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U.S. bailout money inflating Chinese real estate bubble?

There is a lot going on in this excerpt from a recent NYT’s article on China’s possible real estate bubble.  Specifically, the last sentence two words:

Few residences, though, are as upscale as Tomson Riviera, which consists of four golden-hued towers overlooking the Huangpu River, with a central garden mapped out in the shape of a dragon. The apartment complex’s entrance has original artworks by Salvador Dalí and well-known Chinese artists. The apartments, a few of which have been decorated by Armani and Fendi, as well as Versace, lease for $7,000 to $17,000 a month — to high-level executives from companies like General Motors.

General Motors executives are leasing these pleasure palaces?  If they’re paying with their own money, I guess, I am kind of ambivalent about it.  The question: is the type of business travel destination that one would expense on the company, GM.  It would then only be a hop and a skip surmise that technically the U.S.government is putting GM executives up in these ridiculous places and at the same time helping to inflate the possible Chinese housing bubble, right?

It also lends a reason to repost this excellent video of China’s empty city:


8 Responses

  1. Good find Tom,

    It just speaks to the problem that exists with our government and with all of the bailouts in general. Who in government truly cares about wasted taxpayer money?

    Bernanke and Geithner don’t. that’s obvious. they only care that banks are healthy so they give our money away hand over fist. Obama doesn’t really either because he keeps giving money away like it never has to be paid back. Elizabeth Warren does but no one listens to her

    we need some kind of office of taxpayer waste prevention. we should directly elect these people and pay them a lot of money to identify this stuff and shame politicians. of course, this will never happy because its like the CIA letting the FBI investigate it or the FED willingly allowing itself to be audited. Who polices the police?

    If men were angels…

  2. Justin, I think it is a bit outlandish to say non of those people care (well, maybe not Geitner).

    Aren’t you essentially describing the attorney general, btw?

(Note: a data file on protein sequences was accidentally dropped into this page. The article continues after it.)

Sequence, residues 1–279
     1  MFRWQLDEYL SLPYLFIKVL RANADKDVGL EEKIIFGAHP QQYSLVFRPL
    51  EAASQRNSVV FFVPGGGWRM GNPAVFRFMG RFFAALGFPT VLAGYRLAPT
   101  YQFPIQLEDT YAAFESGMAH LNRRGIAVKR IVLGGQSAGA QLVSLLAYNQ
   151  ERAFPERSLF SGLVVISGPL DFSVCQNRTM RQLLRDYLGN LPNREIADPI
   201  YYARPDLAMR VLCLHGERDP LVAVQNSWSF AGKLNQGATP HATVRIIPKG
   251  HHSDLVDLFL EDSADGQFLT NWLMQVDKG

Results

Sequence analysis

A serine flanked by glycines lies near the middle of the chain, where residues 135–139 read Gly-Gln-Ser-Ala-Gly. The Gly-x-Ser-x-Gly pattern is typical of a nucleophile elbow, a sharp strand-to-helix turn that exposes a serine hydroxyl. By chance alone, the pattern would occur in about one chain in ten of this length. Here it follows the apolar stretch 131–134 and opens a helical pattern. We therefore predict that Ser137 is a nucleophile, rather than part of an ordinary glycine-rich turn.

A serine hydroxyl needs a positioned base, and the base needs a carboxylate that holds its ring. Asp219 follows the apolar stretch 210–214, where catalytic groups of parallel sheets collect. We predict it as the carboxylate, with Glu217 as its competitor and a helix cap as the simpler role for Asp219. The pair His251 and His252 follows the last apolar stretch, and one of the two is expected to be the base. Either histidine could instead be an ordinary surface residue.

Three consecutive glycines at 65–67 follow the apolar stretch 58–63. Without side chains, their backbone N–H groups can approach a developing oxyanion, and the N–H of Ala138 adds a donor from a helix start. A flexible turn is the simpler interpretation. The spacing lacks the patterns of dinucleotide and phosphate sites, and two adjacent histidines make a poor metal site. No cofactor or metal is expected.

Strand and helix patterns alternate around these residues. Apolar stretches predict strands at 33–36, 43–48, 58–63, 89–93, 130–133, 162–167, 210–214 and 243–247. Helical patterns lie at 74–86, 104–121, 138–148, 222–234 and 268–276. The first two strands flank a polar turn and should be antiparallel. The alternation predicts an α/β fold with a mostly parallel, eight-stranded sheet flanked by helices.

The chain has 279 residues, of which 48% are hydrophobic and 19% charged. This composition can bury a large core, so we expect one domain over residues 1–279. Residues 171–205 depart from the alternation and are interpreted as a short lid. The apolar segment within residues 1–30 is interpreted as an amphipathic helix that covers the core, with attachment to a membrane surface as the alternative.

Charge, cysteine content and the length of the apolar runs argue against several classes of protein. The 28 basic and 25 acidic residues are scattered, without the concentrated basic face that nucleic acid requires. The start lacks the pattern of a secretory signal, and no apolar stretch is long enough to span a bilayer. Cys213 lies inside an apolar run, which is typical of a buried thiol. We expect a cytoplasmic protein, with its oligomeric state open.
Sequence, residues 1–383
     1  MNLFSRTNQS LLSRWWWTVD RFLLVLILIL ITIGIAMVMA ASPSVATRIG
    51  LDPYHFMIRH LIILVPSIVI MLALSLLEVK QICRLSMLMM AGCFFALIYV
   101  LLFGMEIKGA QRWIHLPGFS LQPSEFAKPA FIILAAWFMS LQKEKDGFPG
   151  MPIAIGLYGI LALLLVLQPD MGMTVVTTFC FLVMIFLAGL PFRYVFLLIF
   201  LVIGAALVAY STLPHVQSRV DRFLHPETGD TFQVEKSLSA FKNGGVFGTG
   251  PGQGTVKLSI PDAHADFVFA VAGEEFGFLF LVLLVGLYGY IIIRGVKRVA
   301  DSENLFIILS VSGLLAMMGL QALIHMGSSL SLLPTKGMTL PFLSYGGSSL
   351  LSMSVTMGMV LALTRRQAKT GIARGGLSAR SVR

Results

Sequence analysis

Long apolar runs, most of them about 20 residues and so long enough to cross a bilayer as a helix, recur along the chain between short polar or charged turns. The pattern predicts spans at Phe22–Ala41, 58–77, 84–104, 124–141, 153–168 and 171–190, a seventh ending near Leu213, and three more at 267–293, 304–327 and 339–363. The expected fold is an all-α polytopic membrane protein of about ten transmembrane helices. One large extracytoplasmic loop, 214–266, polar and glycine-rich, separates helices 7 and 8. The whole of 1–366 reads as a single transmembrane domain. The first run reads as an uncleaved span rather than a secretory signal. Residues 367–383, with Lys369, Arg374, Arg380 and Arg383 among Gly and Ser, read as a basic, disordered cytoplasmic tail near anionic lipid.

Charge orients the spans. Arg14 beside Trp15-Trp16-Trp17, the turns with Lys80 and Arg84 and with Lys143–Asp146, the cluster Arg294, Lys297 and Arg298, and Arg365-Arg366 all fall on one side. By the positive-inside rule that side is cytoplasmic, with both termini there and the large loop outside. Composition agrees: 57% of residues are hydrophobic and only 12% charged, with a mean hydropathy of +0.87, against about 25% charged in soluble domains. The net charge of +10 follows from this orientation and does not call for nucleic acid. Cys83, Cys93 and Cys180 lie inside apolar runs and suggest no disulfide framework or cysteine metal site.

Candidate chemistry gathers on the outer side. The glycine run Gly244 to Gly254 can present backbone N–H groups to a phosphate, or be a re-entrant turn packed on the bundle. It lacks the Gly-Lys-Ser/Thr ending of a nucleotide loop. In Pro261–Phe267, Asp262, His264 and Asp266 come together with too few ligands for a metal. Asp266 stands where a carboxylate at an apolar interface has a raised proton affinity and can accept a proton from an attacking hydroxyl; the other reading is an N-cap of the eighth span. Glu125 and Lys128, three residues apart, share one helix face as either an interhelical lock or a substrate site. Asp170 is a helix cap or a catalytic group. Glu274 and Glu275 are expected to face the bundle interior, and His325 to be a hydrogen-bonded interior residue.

I think we need to find out if the GM guy the article mentions is paying or if GM is paying, that is a big difference here.

    • Dorian,

      with all due respect , I think its a bit outlandish that our federal deficit is approaching 13 trillion and we keep spending money like its no big deal. You and I get to pay for that eventually.

      I’d give credit to some republicans in Congress for worrying about the deficit except for the fact that none had any problem racking up hundreds of billions of dollars of debt for a war we had no business starting.

      I’m all ears if you can identify someone in government who actually works to protect taxpayer money first and foremost anywhere (bailouts, legislation, tax policy, the budget). I’ll give you Jim Bunning but he is kind of ridiculous.

      Obama loves to lash out about fat cat bankers living large on taxpayer money but have you seen a tax on bonuses this year for bankers, or an extra tax on bank profits made completely off of taxpayer money? its all talk. that’s politics.

      And no, the Attorney general has nothing to do with either protecting taxpayer money or “policing anyone”. they represent the US in legal matters so i suppose if someone brought a case then the Attorney General might get involved. But then again, i give you John Ashcroft, Alberto Gonzalez and the issue of waterboarding, just as a recent example of the AG doing nothing when policing was neeed. Not exactly bastions of justice at work… so who polices the attorney general?

      i do agree that it is important to find out whether the folks at GM are paying with their own money or expensing it. then again, are we really tracking all of the business expenses at all of the institutions who received bailout money? maybe, but the people who identify that waste seem to work for newspapers or advocacy groups, not our government

      I don’t pretend to know all the people working their hardest for taxpayers. if you know of any i’d like to know cause i would be a fan. Elizabeth Warren is one

  3. How do we go about finding out the deal with this? I couldn’t find anything in a Google search. You would think that the NYTimes woulda jumped on that part.

    Justin, isn’t that going to add another institution with a possiblity for further corruption? Policing the police OF the police…Just curious, who investigates the IEB when there are rumors of corruption??

    • absolutely. its a good point. any agency or institution is subject to corruption.

      But any taxpayer waste prevention agency wouldn’t have legislative or spending privileges at all. So it would be kind of hard for it to really do much damage.

      I see it more as a way to get a handful of people elected for 1-2 year terms directly by the American people to advocate on their behalf. Corporations have thousands of lobbyists. The American taxpayer should have someone who does nothing but work for them and who have access to all federal pay documents

    • BTW what is the IEB? i may just be completely missing something obvious.

      • Isn’t that the organization within the police department that investigates corrupt cops? Granted this information was gathered from Law & Order and NYPD Blue episodes…

  4. […] Economist I wrote about China’s potential real estate bubble and the NYT’s coverage yesterday (and the bright lights at GM who are getting in on […]

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